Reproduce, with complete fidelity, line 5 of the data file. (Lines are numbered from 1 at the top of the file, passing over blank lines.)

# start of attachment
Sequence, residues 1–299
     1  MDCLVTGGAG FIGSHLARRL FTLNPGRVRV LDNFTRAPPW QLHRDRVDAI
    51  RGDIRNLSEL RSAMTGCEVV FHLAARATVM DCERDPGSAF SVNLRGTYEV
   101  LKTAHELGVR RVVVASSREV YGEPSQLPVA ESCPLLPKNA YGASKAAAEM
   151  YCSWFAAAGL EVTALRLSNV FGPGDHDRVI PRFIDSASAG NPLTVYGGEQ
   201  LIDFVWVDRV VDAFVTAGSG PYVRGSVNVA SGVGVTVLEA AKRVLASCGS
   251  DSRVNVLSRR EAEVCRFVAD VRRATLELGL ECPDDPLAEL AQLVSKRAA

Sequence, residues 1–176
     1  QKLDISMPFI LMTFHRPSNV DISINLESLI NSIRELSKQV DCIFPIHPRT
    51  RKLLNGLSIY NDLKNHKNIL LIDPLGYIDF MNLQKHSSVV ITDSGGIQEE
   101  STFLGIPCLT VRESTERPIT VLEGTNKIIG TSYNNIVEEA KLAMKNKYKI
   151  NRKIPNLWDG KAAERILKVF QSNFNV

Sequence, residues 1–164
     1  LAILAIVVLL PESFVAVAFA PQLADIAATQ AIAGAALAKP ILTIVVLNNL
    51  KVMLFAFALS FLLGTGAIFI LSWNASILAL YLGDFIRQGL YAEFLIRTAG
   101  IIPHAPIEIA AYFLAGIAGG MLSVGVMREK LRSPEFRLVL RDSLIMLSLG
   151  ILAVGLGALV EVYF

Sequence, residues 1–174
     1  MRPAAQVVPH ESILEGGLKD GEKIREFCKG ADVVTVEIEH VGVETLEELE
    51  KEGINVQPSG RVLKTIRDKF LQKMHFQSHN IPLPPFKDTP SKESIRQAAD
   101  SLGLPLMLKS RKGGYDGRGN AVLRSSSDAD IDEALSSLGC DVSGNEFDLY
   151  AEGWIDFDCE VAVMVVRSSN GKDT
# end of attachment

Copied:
   151  YCSWFAAAGL EVTALRLSNV FGPGDHDRVI PRFIDSASAG NPLTVYGGEQ